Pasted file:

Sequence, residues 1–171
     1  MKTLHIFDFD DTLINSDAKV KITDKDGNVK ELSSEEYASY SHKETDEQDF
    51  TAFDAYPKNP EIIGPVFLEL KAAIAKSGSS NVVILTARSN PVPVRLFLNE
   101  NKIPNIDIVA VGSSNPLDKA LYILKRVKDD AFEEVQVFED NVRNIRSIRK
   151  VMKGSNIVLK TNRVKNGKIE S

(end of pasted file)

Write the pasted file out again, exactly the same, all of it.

Sequence, residues 1–171
     1  MKTLHIFDFD DTLINSDAKV KITDKDGNVK ELSSEEYASY SHKETDEQDF
    51  TAFDAYPKNP EIIGPVFLEL KAAIAKSGSS NVVILTARSN PVPVRLFLNE
   101  NKIPNIDIVA VGSSNPLDKA LYILKRVKDD AFEEVQVFED NVRNIRSIRK
   151  VMKGSNIVLK TNRVKNGKIE S